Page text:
It’s taken a few years for this 2014 production to make it to US cinema screens (on April 28) – and it’s not much of a surprise that it’ll then head swiftly (May 2) to other platforms. The surprise, perhaps, is that it’s not of older vintage because – perhaps unintentionally – it’s as perfect a pastiche of a certain strain of video rental era programmer as, say, the more overtly satirical Manborg or Turbo Kid.
The poster proudly boasts that it’s ‘from the creator of Double Impact and Rambo III’ – which turns out to mean co-executive producer Sheldon Lettich, who wrote and directed the Jean-Claude Van Damme as twins Double Impact in 1991 and scripted the Rambo-joins-the-Taliban threequel in 1988. Lettich didn’t write and/or direct this, though – the script is from Brent Huff and George Saunders, writer-actors you might remember from such fodder as Street Angels, The Force, Bloodsport 4, Nine Deaths of the Ninja, Final Examination and Final Justice while director chores go to hulking Russian-born star Alexander Nevsky. He’s teamed up with such big box cover ‘names’ as Kristanna Loken (the terminatrix from Terminator III Rise of the Machines), Adrian Paul (the TV Highlander), Robert Davi (of License to Kill and the Maniac Cop sequels) and Matthias Hues (a string of 90s action schlock – Digital Man, Kickboxer 2, Talons of the Eagle, Death Match, etc).
The plot is straight off the peg – leggy Russian hookers are being tortured and killed in Los Angeles, with a rare black rose (that either grows only in a small village in Turkey or can be mocked up by planting a regular rose in an inkpot) left on the bodies. Because ‘the community’ is unhelpful and the cop on the case (Paul) is getting nowhere, the desk-sitting boss (Davi) – perhaps inspired by the Walter Hill classic Red Heat – sends out for the toughest Dirty Harry-esque cop in Moscow, Vladimir Katatov (Nevsky) to catch the killer. We meet Vlad on a regular day when he passes by a bank robbery siege and drives a 4×4 through plate glass to gun down the baddies (bossed by Hues) and save a little girl. Naturally, he gets told off for this – and the fact that he kills or cripples muggers on his first day in Los Angeles only adds to his rogue rep. He teams up with a rookie profiler (Loken) and starts hanging around a club where all the victims worked – which makes them a target for the mystery killer (there’s only one suspect so don’t hold out for any surprises). The deadpan comedy stretches to Loken doing a valley girl impersonation that makes one miss the subtle thespic charms of Cynthia Rothrock while Nevsky hulks his way through fights and deductions alike with the kind of low-wattage muscularity that distinguished Olivier Gruner back in the day.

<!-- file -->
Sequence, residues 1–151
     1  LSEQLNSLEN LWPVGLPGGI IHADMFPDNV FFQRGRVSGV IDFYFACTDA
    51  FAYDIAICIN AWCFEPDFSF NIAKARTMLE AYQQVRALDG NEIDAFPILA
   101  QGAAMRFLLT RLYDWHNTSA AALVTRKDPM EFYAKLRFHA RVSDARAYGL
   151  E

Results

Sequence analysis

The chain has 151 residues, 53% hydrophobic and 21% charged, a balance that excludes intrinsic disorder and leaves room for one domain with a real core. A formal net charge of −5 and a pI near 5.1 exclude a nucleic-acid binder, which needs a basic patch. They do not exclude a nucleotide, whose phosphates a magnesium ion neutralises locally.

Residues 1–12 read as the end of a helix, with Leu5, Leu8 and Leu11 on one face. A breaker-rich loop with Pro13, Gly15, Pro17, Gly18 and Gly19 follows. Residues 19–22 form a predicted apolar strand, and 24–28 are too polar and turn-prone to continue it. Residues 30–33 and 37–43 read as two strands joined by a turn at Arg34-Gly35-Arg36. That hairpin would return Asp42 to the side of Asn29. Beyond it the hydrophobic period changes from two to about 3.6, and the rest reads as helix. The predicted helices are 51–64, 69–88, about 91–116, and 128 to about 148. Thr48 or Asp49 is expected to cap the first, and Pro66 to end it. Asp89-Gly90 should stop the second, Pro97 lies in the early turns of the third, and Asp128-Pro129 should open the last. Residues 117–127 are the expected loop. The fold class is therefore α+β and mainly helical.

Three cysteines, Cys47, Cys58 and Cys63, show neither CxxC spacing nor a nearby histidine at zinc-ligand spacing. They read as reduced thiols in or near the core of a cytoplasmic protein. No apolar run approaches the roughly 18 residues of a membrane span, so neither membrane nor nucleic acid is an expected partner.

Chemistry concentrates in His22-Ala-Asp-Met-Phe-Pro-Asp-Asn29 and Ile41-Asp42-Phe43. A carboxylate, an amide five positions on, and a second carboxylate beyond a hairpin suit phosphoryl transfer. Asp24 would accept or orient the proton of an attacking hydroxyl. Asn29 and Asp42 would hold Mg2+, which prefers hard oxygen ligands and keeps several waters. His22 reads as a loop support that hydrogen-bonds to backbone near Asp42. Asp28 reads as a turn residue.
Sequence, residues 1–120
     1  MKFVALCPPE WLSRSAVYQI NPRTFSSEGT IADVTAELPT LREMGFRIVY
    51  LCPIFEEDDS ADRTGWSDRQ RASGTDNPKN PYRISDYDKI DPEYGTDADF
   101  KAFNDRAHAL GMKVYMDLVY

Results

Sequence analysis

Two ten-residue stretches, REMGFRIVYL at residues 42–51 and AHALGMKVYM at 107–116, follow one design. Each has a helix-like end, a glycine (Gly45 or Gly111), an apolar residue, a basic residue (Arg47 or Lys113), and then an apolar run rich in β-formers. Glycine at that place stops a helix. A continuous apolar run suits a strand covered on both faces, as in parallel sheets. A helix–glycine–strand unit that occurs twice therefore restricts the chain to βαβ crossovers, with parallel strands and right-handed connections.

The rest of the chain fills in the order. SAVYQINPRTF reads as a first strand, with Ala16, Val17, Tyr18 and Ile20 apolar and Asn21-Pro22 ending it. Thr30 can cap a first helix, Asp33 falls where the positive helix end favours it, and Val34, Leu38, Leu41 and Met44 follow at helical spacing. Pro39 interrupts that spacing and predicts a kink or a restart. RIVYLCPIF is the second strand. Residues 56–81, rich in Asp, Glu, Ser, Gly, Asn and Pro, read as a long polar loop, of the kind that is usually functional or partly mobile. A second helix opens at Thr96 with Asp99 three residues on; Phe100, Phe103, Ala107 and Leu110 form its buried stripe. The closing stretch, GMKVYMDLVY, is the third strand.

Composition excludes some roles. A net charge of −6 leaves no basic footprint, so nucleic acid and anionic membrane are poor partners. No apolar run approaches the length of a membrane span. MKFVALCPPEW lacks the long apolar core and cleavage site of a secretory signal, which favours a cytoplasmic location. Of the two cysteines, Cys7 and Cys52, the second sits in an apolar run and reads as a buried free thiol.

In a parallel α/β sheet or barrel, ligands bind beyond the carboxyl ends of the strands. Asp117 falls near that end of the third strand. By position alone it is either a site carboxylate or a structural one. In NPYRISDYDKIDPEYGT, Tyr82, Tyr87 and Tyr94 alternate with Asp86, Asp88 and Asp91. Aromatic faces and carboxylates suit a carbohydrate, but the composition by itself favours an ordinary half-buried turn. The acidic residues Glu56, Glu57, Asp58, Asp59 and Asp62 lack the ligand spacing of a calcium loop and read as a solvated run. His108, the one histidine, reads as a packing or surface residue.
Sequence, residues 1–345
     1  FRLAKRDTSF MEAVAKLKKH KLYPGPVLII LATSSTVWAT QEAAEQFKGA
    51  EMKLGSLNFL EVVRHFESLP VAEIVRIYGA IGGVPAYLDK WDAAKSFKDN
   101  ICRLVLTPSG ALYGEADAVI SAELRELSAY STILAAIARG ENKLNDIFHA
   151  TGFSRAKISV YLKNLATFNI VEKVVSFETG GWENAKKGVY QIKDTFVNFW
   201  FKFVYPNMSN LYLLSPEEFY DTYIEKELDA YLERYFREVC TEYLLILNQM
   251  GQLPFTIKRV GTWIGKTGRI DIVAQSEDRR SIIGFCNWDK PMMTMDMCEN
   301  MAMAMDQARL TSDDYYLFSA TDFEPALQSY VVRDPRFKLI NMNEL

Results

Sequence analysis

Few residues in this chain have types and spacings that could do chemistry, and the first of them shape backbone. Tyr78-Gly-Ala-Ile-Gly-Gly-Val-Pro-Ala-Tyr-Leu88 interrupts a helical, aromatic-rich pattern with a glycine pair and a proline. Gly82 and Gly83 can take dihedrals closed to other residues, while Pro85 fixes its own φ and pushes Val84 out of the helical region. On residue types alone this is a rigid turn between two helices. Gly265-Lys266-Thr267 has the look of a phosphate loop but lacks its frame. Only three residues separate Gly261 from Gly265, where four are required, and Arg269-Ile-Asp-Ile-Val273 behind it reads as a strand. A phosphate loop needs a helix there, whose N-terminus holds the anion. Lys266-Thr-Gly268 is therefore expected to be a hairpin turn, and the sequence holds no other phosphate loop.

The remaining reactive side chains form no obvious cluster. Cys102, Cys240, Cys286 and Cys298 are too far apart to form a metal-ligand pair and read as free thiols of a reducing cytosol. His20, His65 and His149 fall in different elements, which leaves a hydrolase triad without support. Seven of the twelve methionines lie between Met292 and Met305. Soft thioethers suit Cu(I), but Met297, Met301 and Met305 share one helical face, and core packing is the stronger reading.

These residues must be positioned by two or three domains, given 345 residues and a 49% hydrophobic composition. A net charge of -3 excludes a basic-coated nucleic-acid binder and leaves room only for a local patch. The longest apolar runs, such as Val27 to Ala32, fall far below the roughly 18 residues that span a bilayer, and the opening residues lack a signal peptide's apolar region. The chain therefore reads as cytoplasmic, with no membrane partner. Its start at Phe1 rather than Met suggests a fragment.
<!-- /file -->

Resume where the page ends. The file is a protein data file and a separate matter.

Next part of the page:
It’s sort of a follow-up to Moscow Heat (2004), though Nevsky played Vladimir Stepanov in that – but doesn’t think to give its hero much to do in the way of amazingness except stand there like a tree and look intimidating. Welcome back to your old favourite cliches — a killer’s lair in a deserted factory … the threatening phone calls with a distorted voice doing a Russian accent … the significant clue (‘the Russian notes on the victims are full of grammar and spelling mistakes’) which the hero doesn’t bother mentioning until it’s too late to be any use … the rookie heroine patronised for not having field experience and set up as bait for the loon … the title-pin serial killer signature that turns out to have nothing to do with anything … the unmasked villain rant (‘don’t you call my mother a whore!’) … the psych profile which boils down to ‘he’s nuts’ … and the hero who sneers at a regulation LAPD sidearm with ‘don’t you have anything bigger?’ (Davi keeps a huge gun handy for such occasions) and the parade of slender, accented, uncharacterised kill-fodder.